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3D: Use cases for formwork

25.11.2019 | Austria
3D technology has been used in the field of formwork for a long time. Initially, it was confined to the virtual world of computing, where it was used for three-dimensional formwork design. Nowadays, though, it is being used more and more on the construction site itself, sometimes in the form of formwork parts produced by 3D printers, sometimes even entire building elements manufactured additively. Doka and its parent company, the Umdasch Group, have embraced these new technologies.
Unique formwork elements with 3D design
The construction industry has complex planning and process workflows, which make the sector particularly ripe for the productivity improvements available through the digital transformation and Construction 4.0. In particular, structures and building elements can be designed using 3D techniques, using animations and photo-quality images to make complex structures comprehensible and create transparent project workflows. Furthermore, the 3D model is not merely used for visualisation, but also as a basis for energy calculations. In the future, it will also be used to determine building costs – the model therefore forms an important basis for adding further dimensions such as time (4) and costs (5).

Augmented Reality, Virtual Reality and 3D combined in one app
Doka solutions can be experienced through Augmented and Virtual reality using the Doka AR-VR app. Use cases for the app range from projecting Doka formworks onto the printed plans right through to dropping 3D models into their environment or immersing yourself in the Doka designs through virtual reality. The app also has functions for displaying 3D views of the model and a QR code reader. You can use individual 3D models to hide or show components or view an animated construction sequence.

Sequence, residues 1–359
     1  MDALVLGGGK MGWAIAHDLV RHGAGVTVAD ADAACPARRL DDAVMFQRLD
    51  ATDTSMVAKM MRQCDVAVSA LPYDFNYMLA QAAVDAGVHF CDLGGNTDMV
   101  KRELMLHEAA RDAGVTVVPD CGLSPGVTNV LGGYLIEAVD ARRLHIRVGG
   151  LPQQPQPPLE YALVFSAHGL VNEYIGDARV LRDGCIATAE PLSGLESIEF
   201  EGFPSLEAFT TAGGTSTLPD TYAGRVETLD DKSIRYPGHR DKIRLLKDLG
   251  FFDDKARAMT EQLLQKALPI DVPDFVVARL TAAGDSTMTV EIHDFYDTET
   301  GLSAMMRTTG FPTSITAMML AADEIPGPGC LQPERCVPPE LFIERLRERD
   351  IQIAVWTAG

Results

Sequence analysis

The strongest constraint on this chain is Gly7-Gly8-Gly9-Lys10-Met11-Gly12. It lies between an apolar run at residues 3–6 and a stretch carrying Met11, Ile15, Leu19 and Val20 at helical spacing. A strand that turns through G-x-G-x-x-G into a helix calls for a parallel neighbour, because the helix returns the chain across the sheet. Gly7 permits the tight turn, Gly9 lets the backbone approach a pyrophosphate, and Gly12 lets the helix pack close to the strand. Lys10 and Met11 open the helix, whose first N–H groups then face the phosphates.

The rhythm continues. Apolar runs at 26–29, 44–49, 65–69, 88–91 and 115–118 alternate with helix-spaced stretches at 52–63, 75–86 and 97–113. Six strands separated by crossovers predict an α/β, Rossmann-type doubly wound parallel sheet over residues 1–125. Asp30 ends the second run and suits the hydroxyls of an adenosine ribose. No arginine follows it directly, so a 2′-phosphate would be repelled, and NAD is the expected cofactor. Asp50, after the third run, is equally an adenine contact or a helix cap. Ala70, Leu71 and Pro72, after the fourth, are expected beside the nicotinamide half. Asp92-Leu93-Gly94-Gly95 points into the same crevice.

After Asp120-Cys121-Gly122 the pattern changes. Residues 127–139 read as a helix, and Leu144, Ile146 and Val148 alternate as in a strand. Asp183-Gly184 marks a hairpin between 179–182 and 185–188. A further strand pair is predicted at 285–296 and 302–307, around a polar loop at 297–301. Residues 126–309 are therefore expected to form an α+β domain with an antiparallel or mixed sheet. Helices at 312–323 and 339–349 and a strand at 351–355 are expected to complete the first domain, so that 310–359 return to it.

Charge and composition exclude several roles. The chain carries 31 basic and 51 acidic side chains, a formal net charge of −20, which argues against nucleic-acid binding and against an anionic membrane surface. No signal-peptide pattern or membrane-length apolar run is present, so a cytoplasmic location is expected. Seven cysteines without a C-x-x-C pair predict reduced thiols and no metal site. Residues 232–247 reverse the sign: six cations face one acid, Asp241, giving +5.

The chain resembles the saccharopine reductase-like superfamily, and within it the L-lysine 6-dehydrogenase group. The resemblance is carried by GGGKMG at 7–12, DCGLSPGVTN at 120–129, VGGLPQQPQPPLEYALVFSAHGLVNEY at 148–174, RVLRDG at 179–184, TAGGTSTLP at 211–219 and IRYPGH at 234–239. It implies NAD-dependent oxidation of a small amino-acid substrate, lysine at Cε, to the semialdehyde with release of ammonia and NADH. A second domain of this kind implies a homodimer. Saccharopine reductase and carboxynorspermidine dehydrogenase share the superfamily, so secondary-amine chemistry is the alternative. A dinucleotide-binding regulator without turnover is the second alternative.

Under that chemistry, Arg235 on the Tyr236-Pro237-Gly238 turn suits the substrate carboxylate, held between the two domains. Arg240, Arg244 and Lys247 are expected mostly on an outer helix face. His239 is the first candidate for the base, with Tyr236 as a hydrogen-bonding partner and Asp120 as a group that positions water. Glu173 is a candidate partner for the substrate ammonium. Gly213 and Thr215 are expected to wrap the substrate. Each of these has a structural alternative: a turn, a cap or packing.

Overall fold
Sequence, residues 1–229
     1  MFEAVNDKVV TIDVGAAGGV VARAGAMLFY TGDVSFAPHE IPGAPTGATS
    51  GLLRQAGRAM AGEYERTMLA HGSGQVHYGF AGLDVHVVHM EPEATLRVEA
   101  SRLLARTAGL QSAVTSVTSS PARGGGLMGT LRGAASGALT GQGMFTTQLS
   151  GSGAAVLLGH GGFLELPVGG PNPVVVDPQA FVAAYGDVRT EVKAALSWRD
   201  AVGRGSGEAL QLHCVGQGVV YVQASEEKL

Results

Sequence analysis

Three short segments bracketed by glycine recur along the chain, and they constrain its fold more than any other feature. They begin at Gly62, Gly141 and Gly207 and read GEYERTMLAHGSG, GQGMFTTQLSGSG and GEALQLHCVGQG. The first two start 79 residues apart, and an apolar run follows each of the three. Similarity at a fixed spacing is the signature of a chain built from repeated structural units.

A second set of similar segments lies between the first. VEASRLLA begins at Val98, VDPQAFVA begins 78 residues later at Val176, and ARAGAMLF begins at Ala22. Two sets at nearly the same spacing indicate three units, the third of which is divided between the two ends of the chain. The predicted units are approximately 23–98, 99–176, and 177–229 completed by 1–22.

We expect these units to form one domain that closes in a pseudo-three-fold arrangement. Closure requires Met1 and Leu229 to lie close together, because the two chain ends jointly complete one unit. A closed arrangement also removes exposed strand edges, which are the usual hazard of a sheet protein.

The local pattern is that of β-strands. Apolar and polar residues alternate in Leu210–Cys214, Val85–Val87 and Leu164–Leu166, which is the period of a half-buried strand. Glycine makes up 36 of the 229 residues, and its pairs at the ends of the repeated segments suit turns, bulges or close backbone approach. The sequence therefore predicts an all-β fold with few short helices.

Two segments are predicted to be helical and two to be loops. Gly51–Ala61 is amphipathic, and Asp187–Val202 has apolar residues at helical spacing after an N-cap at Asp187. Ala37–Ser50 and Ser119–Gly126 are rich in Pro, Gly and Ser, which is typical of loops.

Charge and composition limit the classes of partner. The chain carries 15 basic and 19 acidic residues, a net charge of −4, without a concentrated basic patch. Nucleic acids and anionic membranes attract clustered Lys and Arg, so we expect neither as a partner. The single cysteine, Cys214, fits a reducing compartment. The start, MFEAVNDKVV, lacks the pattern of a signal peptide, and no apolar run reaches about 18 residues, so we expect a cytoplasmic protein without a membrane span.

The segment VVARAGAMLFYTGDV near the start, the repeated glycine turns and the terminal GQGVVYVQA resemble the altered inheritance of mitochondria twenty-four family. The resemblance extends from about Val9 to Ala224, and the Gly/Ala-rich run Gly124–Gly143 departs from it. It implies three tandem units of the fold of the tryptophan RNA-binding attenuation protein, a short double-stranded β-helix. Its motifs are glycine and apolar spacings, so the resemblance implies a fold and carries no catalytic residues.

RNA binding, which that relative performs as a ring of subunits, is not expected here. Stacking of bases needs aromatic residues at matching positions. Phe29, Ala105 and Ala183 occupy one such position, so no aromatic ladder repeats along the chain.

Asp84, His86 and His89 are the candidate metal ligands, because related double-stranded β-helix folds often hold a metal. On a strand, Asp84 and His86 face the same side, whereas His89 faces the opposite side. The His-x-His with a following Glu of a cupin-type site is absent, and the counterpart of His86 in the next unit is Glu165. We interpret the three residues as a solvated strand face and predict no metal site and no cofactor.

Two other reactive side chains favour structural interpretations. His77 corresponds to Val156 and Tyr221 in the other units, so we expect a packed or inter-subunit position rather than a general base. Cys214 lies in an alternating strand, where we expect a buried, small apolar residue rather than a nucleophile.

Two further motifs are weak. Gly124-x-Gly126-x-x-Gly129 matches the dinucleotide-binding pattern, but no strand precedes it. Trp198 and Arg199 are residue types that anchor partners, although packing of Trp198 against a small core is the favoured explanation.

Prototypes from the 3D printer
3D printing technology can be used in industrial applications to complement established manufacturing and production technology. The added value of this technology is reflected in highly diverse use cases. Doka uses industrial printers for metal and plastics to create rapid, low-cost prototypes and serial parts for testing during product development. Just as importantly, though, the technology can be used to design and manufacture innovative products without the constraints of existing manufacturing conventions.

3D form lining – partnership with voxeljet
3D formwork printing means new opportunities for less labour-intensive installation and higher quality when developing special formworks for unusual geometries. A pilot project between Doka and voxeljet illustrates the possibilities: Doka and voxeljet AG carried out a joint pilot project for a 3D-printed form lining for an exposed concrete staircase with unusual geometry. You can find out more about the project here.

Mobile 3D construction printing on an industrial scale
A sister company to Doka, Umdasch Group Ventures, has been working since 2017 on 3D printing innovations for construction. The Umdasch Group has investments in Contour Crafting Corporation (USA), a spin-off founded in 2014 by the University of Southern California (USC) – a research leader since 1996 in automated building construction, using a combination of 3D printing and printing-assisted installation of standardised components. Its interest in Contour Crafting Corporation gives the Umdasch Group access to a range of revolutionary 3D printing technologies, with highly diverse use cases and a wide variety of printing materials.

Contour Crafting intends its robotic tools to be used anywhere where living space and infrastructure need to be developed quickly and cost-effectively. This doesn’t just mean social housing; the tools, which reduce construction time from months to a mere few days for an almost ready-to-use building, will also be highly relevant for disaster relief – for example, after an earthquake.

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